I found consistancy was the key for me. That is, committing to doing it on a regular basis, not ok one week, off the next, half the next kinda stuff.
Ok gonna be quiet now.
BEST of luck you're off to a GREAT start and even just deciding to do it is a HUGE step!
looks like you got a pretty good plan there.
Don't be afraid to "tweak" it...by that I mean...if it's easy...make it tougher, and if it's too hard...back off a bit.
You have made a great decision, and one you won't regret, if you stick to it.
Welcome to runningforums.
Im a newbie too.. but the gang here is GREAT!!!
I am doing the Couch to 5K plan over at Cool Running myself. I am on week 4 and I LOVE IT! And I always hated running before!
You might want to check it out.. someone posted the link I believe...
Watch out though, running's addicting!
I love to give advice on topics i feel i know. SOOoooo
On the numbers, yup nice to know them, is it something set in stone?? NO!!!. your pulse can can change according to your health, stress level, hydration and other factors. so do not set yourself to the fact that you need to be at specific numbers. to gauge your progress follow you resting pulse. first thing in the morning take the pulse. since your a gadget person i'll let ya use the HR too. just after you put it on lay in bed for 20 mins then take it. use the lowest number in the 20 minute reading.
a good rule of thumb for "feeling" your aerobic zone is if you can carry on a conversation with mild difficulty then your good, if it is easy then run harder if very difficult back off. you can look at your HR to see where the numbers are for you at these levels while your getting a feel for your new endeavors. Do not feel intimidated here even the advanced folks ask basic questions too.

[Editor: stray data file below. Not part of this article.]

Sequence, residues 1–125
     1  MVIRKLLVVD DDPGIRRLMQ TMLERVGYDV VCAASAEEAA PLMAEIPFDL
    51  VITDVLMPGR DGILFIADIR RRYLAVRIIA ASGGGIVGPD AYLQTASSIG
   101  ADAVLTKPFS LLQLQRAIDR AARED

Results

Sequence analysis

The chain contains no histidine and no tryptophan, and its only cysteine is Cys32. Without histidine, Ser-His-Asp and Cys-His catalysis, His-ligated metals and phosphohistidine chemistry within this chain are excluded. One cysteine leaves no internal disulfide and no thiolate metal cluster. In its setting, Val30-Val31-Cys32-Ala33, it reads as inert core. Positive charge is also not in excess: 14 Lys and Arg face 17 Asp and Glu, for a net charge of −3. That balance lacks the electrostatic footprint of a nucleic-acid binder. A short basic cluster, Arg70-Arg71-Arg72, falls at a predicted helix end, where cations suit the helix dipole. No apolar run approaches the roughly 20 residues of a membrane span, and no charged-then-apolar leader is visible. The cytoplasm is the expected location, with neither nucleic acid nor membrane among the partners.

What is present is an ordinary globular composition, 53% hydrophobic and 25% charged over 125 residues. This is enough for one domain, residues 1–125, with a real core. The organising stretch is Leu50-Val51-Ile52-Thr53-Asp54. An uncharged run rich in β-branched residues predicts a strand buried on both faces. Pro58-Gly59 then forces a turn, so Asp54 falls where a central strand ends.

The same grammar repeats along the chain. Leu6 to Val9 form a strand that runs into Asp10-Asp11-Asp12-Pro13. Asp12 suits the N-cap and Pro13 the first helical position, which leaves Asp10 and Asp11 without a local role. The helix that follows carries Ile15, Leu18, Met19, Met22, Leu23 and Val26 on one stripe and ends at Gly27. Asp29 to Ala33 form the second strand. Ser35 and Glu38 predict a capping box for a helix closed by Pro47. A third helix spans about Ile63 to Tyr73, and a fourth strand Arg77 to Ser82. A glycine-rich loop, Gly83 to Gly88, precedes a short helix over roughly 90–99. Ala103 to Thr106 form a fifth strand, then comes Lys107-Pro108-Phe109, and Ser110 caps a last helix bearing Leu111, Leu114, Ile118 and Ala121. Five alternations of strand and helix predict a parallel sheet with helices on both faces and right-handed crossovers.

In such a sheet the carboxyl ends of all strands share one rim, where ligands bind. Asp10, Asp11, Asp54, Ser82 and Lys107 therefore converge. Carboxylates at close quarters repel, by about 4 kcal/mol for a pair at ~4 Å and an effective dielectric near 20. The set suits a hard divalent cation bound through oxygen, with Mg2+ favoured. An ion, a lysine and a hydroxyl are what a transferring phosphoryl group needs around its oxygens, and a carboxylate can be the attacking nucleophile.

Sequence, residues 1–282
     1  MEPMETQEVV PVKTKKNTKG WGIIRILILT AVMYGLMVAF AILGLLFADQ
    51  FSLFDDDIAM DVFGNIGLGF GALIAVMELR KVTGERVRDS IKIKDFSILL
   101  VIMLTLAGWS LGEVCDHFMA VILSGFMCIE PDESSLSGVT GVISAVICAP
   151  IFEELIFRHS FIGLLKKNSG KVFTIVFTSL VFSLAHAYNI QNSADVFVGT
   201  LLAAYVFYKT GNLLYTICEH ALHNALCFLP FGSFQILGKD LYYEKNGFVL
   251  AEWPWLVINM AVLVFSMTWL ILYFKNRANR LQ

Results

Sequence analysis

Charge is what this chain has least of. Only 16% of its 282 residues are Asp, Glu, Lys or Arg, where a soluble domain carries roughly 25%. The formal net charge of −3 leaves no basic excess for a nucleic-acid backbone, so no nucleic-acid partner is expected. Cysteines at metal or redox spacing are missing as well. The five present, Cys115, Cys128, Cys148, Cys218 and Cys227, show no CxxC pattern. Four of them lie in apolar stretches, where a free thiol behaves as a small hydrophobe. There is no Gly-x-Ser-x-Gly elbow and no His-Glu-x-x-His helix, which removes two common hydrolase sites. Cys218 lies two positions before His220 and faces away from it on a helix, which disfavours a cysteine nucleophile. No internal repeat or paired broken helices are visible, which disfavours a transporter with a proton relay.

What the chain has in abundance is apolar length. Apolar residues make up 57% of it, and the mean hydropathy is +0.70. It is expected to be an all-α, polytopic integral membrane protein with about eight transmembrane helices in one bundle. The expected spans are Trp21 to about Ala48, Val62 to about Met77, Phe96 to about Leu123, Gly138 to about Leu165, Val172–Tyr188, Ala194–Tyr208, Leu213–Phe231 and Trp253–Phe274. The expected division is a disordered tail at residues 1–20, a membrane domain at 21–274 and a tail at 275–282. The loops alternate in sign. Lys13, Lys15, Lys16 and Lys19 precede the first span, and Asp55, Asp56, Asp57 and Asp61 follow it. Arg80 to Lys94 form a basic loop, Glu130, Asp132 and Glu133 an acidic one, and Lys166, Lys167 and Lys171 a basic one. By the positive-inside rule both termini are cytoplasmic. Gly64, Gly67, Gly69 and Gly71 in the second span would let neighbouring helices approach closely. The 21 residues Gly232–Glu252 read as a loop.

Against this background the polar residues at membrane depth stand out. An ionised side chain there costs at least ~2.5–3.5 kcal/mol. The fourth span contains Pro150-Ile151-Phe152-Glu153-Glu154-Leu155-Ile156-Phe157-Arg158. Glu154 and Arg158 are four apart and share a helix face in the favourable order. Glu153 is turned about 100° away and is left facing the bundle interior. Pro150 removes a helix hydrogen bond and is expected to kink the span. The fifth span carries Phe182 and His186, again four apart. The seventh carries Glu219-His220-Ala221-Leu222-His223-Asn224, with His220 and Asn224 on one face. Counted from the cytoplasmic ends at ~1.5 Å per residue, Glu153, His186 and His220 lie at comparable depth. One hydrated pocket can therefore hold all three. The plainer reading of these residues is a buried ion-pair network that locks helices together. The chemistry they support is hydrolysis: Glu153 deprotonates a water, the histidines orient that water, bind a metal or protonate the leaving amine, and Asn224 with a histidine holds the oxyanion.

Cappy can make a spreadsheet too for you to track your progress.
he loves spreadsheets
Results are slightly higher
The only :twocents: I can really add are to not get frustrated if you don't see continous improvements. It takes time. Keep on getting out on the roads or trails or treadmill and keep on putting one foot in front of the other. As you do that you will break through that wall and see some great improvement.
So can anyone suggest a good method to guage my HR zones? I'm tempted to just go out and walk for 5 mins, jog for 5, then run for 5, then have a look at my HR results.....
Failing that, i'm just gonna use the 220-age method..... :?
1. Find a nice hill.
2. Warm up with an easy pace for 10-15 minutes.
3. RUN up the hill full-on. Check for max HR at top of hill. jog back down
4. Repeat step 3 for another 3 or 4 times.
5. use the highest HR that your watch shows at the end of each hill.
222 - age isn't a very good way to find your max. I'm 33 and my max HR is 203. 220-33 would give me 187.
from there do the percentages.
on the topic of the Resting HR. that looked like, by the time stamp, to be a mid-day count? if so that is not really a resting HR, it's more what they call the Ambient HR. the resting should be done early morning with minimal motion involved. 60s-80's not bad for an ambient, 80's is a wee high for a resting HR though.